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  • Acknowledgments ix

    Introduction 1

    1 The Arrival of Jazz 13

    2 The Spread of Jazz 34

    3 Jazz and the City of Paris 52

    4 The Meanings of Jazz: America, Negre, and Civilization 71

    5 Making Jazz Familiar: Music Halls and the Avant-Garde 104

    6 Making Jazz French: Parisian Musicians and Jazz Fans 123

    7 New Bands and New Tensions: Jazz and the Labor Problem 143

    8 The Discovery of Hot Jazz 154

    9 Epilogue 191

    Appendix: Histories of Jazz in Interwar France 205

    Notes 211

    Selected Bibliography 255

    Index 261
  • “A history that reads like a good story, this new book by Jeffrey H. Jackson illumines the multiple reactions to jazz in France, ranging from enthusiasm and fascination to fear and disgust. It also vividly recaptures the broad cultural context and above all succeeds in demonstrating the importance of jazz for the ongoing debate about French
    national identity and modernity.”—Charles Rearick, author of The French in Love and War: Popular Culture in the Era of the World Wars — N/A

    “Jeffrey H. Jackson’s work is unique in providing a more detailed history of jazz in interwar France than anything yet in print (certainly in English). Jackson offers a new, rather unusual perspective, concentrating on the ways jazz was integrated into national practices and traditions, rather than portraying it as simply a foreign intrusion into national life. This is a very rich approach to cultural history, offering a far more complex and nuanced understanding of the process of trans-Atlantic cultural interchange than top-down perspectives.”—Tyler Stovall, coeditor of The Color of Liberty: Histories of Race in France — N/A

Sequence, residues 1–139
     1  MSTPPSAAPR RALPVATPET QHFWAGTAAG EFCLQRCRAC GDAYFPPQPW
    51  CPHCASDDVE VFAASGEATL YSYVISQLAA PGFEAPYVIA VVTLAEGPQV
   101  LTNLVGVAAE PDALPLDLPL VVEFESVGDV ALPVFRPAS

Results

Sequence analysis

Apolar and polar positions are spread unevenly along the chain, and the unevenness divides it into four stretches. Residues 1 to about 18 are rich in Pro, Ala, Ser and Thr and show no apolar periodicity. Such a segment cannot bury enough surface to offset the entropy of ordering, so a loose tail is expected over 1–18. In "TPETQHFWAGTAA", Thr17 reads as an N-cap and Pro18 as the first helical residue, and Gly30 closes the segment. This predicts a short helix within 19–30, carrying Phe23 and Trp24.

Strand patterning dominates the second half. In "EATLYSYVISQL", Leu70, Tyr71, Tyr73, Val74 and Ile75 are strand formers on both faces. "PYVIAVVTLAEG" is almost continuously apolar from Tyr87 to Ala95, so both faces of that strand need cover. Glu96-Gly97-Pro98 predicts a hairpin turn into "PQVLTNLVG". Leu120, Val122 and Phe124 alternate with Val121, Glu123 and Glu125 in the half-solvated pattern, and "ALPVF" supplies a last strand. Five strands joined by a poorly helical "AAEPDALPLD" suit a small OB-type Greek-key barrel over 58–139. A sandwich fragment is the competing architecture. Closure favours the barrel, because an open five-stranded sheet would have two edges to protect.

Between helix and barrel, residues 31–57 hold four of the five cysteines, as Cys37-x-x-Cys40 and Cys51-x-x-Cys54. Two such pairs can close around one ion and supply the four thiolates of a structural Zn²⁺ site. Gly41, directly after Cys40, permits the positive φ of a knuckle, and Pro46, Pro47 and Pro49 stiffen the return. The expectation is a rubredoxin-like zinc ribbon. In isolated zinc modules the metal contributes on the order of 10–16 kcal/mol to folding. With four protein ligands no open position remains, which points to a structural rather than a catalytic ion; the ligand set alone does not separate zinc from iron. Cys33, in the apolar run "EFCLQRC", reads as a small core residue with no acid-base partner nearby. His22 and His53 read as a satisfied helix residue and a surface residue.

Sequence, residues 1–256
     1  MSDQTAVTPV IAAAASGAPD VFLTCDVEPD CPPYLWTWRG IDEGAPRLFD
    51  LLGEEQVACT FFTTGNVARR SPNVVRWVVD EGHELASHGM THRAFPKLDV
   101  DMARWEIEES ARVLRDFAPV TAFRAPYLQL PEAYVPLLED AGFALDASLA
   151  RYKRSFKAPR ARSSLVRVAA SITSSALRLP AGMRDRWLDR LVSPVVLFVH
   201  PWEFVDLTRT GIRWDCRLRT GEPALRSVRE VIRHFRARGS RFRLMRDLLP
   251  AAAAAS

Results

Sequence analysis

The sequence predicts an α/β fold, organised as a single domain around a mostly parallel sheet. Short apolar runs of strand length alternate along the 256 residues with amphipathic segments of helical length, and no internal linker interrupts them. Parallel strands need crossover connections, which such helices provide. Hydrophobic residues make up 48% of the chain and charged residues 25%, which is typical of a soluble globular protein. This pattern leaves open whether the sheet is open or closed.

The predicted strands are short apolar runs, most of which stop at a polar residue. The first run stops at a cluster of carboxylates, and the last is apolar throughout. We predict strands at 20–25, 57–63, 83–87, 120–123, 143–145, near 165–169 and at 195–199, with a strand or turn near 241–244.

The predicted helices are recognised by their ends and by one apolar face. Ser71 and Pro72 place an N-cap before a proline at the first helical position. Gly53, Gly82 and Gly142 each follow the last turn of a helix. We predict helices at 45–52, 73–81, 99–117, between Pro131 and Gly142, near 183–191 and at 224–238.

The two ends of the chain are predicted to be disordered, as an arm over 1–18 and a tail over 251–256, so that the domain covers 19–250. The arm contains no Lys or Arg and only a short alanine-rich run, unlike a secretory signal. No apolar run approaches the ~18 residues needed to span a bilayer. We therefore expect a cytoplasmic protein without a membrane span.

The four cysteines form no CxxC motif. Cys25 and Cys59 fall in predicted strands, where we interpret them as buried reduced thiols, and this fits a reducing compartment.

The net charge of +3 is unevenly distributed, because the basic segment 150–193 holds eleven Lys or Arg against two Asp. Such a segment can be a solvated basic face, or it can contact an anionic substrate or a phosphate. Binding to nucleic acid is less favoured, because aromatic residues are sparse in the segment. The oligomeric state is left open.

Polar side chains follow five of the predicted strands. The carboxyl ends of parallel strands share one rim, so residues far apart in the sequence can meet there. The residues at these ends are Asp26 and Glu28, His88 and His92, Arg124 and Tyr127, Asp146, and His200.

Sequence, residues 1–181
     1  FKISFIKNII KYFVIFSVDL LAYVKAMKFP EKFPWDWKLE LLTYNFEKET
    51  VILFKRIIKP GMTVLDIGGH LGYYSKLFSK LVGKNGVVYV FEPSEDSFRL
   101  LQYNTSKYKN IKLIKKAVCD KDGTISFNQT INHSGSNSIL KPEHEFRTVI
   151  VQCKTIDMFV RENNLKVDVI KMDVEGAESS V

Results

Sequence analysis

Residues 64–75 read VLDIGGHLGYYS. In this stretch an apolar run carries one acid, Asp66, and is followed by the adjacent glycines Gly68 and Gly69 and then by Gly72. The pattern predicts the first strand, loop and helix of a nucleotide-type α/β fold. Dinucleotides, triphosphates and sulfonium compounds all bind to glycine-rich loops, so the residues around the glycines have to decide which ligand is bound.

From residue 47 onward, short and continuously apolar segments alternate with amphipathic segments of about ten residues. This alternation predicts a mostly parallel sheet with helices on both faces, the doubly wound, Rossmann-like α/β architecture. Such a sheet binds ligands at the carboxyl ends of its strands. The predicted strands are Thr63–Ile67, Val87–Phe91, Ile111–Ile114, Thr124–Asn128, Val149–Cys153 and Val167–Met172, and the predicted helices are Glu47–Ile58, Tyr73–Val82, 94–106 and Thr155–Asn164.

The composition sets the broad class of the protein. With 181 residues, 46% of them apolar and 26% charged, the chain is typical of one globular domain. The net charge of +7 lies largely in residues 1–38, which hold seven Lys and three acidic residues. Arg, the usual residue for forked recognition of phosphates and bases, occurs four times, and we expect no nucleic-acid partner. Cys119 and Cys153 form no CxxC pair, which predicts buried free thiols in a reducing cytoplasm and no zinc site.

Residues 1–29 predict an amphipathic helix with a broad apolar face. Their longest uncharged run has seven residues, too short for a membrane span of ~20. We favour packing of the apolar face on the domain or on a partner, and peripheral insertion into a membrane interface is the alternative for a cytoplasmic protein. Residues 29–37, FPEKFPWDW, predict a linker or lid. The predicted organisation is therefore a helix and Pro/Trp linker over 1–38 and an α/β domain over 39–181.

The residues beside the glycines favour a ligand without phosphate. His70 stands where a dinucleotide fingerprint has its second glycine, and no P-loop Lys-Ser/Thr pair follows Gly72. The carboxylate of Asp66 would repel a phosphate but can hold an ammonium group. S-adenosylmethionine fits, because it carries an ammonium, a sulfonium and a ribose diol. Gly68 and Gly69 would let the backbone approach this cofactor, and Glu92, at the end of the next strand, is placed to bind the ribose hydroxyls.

“This lively and innovative book views jazz through the prism of contemporary ideas about 'blackness' and the Americanization of Europe's economy and culture to explore the relationship between culture, race, and national identity in twentieth-century France. Jeffrey H. Jackson reveals a complex interplay of cultural and social forces that stretches from across the Atlantic to the trenches of World War I to the colonies of la plus grande France."—Alice Conklin, author of A Mission to Civilize: The Republican Idea of Empire in France and West Africa, 1895-1930 — N/A

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  • Description

    Between the world wars, Paris welcomed not only a number of glamorous American expatriates, including Josephine Baker and F. Scott Fitzgerald, but also a dynamic musical style emerging in the United States: jazz. Roaring through cabarets, music halls, and dance clubs, the upbeat, syncopated rhythms of jazz soon added to the allure of Paris as a center of international nightlife and cutting-edge modern culture. In Making Jazz French, Jeffrey H. Jackson examines not only how and why jazz became so widely performed in Paris during the 1920s and 1930s but also why it was so controversial.

    Drawing on memoirs, press accounts, and cultural criticism, Jackson uses the history of jazz in Paris to illuminate the challenges confounding French national identity during the interwar years. As he explains, many French people initially regarded jazz as alien because of its associations with America and Africa. Some reveled in its explosive energy and the exoticism of its racial connotations, while others saw it as a dangerous reversal of France’s most cherished notions of "civilization." At the same time, many French musicians, though not threatened by jazz as a musical style, feared their jobs would vanish with the arrival of American performers. By the 1930s, however, a core group of French fans, critics, and musicians had incorporated jazz into the French entertainment tradition. Today it is an integral part of Parisian musical performance. In showing how jazz became French, Jackson reveals some of the ways a musical form created in the United States became an international phenomenon and acquired new meanings unique to the places where it was heard and performed.

    About The Author(s)

    Jeffrey H. Jackson is Assistant Professor of History at Rhodes College.

Fall 2017
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